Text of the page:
Residents produce video for special-needs kidsA mother’s resolve to bring clarity and focus to her daughter’s life has led to the creation of a video that’s being used in schools, hospitals, nursing facilities and homes across the country. Submitted photos On the left is Chris Bye, business partner and president for the local company that promotes MeMoves. Next to him is Roberta Scherf, founder of MeMoves, who began her work as a way to help her daughter. John Scherf is in the foreground.
By: Phil Pfuehler, River Falls Journal
A mother’s resolve to bring clarity and focus to her daughter’s life has led to the creation of a video that’s being used in schools, hospitals, nursing facilities and homes across the country.
The 43-minute DVD is called “MeMoves.”
The video is divided into categories called Joy, Focus and Calm that are formatted into 13 sequences that show people of all ages and colors, one at a time, making simple “geometric” hand gestures to the soothing, slow beat of various musical instruments.
The background is stark black. There’s no narrative.
The video creators hope that as participants mime the simple gestures and absorb the sounds, they’ll experience feelings of slowing down, relaxing and attentiveness.
“The beauty of using the video is that you don’t just sit like a couch potato and watch it all the way through,” said Roberta Scherf. “It can be done in segments of 10 or five minutes, even as little as two, and you are involved with what’s presented. The movements are meant to engage users so that they connect to themselves and the world around them.”
Engaging, calming, connecting, focusing: These are the physical and emotional states that MeMoves aims to bring out.
Scherf’s daughter Rowan was born 18 years ago. In early childhood she was diagnosed with an array of medical terms that meant little to Scherf: Alpha child, pre-dyslexic, autism spectrum, sensory integration disorder, and tactile defensiveness.
“What all those things had in common was that they described (how) social interaction, communication and sensory processing were difficult for Rowan,” Scherf said.
One thing Scherf knew was that she had to do something to make her daughter’s life fulfilling.
“I had spent five years struggling with my daughter who was here, but not here,” said Scherf, a long-time town of Troy resident with her husband John, and older son, Sam, a 2007 River Falls High School graduate.
“As a very young child, Rowan was not comfortable being held or making eye contact. She tried very hard to retain new pieces of information from one day to the next.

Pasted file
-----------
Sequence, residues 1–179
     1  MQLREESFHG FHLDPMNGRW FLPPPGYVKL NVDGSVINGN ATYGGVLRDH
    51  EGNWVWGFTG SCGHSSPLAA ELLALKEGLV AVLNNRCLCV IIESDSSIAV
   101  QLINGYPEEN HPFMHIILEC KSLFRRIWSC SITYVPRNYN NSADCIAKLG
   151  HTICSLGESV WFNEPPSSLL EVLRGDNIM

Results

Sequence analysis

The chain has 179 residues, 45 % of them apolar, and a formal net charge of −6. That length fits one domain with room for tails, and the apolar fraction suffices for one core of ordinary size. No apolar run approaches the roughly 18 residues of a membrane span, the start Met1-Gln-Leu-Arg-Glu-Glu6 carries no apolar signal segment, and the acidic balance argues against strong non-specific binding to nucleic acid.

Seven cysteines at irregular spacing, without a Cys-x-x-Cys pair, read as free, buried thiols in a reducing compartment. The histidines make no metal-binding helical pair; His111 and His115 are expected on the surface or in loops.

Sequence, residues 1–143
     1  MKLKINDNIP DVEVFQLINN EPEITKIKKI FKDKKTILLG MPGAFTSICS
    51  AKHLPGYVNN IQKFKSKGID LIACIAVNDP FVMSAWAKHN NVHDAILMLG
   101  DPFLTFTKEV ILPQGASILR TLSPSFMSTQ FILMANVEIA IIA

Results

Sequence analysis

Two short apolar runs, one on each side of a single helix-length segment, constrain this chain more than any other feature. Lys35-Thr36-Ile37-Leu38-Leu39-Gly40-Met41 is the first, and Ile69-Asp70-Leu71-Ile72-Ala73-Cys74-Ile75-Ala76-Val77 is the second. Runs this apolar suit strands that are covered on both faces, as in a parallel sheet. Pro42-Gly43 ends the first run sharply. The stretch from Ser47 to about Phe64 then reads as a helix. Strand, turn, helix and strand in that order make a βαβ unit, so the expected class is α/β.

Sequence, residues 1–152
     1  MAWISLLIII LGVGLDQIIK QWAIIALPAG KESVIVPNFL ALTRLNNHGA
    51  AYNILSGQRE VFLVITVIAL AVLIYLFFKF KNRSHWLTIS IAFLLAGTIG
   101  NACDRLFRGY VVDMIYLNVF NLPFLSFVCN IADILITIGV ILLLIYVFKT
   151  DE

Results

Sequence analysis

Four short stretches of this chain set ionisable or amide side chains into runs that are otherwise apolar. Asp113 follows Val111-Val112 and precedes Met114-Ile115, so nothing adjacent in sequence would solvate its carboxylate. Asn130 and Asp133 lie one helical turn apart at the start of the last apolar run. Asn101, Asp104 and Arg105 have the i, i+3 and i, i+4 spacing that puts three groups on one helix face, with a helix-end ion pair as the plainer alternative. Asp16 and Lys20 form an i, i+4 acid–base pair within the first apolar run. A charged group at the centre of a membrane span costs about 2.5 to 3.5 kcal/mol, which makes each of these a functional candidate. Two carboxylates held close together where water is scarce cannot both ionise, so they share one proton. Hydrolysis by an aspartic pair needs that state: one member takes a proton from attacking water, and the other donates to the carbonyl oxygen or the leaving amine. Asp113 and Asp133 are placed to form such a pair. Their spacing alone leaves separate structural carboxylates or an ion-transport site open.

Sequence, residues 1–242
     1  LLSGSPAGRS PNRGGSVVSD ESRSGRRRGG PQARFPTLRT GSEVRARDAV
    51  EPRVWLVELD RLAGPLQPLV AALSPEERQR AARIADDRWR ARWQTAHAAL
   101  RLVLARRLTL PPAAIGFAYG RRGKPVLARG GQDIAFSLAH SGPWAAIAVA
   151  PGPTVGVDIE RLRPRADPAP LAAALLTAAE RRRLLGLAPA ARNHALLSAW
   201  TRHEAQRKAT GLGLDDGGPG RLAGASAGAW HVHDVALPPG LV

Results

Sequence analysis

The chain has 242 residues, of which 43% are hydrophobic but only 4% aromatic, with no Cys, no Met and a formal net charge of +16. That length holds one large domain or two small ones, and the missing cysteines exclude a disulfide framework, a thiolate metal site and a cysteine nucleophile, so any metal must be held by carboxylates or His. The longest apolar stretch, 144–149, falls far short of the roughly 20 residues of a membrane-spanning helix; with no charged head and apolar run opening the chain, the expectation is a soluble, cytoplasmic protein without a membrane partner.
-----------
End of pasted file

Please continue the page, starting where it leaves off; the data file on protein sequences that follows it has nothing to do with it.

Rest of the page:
“I knew that she was incredibly bright, with tremendous receptive abilities, but she struggled to express herself and was socially isolated from her peers.
“School was a hard place for her because she was different. She was so smart and funny and sweet and gifted. But to be in a room full of children, and not really be able to learn and share, was devastating.”
But Scherf was not a mother who gave up in despair. She did medical and academic research, much of it on the Internet, to familiarize herself about brain development, music and movement therapy.
“All of the research that I was investigating was based on the importance that rhythmicity, repetition, imitation, simple active movements, and music have on learning,” Scherf said. “Rowan and I did an activity that combined all those things.
“She went from not being able to read single letters to reading words and then chapter books. She started making eye contact, asking to be held, and spoke more fluently and easily. Her life changed. And that made me wonder if there was a way to take some of these ideas and put them into a simple format that might help other children as well.”
Scherf said MeMoves evolved in stages.
“Over a period of years we worked on developing prototypes, testing them, and then released an early version which we licensed to another company,” she said. “The whole time we kept working toward MeMoves. Everything about MeMoves was carefully designed to set up the core chemistry for a calm and attentive state.
“Our nervous system can respond in a stressful manner, activating ‘fight or flight,’ or respond with a calm state. Every single part of MeMoves uses rhythmic, slow, clean, simple, repetitive, uncluttered visuals, music and movements in a non-verbal program that activates and supports a calm and attentive state.
“MeMoves focuses on the emotional state of the child, rather than any specific behavioral outcome. At its core is the belief that a calmed and centered child, especially one with special needs, will be able to learn more easily and express themselves more clearly and directly.
“Imagine your most stressful day, and consider this the ‘everyday’ level or ‘baseline’ for many children. MeMoves shifts the baseline, reducing this hyper-aware state as it focuses the users’ senses on a singular activity. MeMoves fully engages and calms, filtering out overwhelming external stimuli…It doesn’t cure anything, but it changes everything.”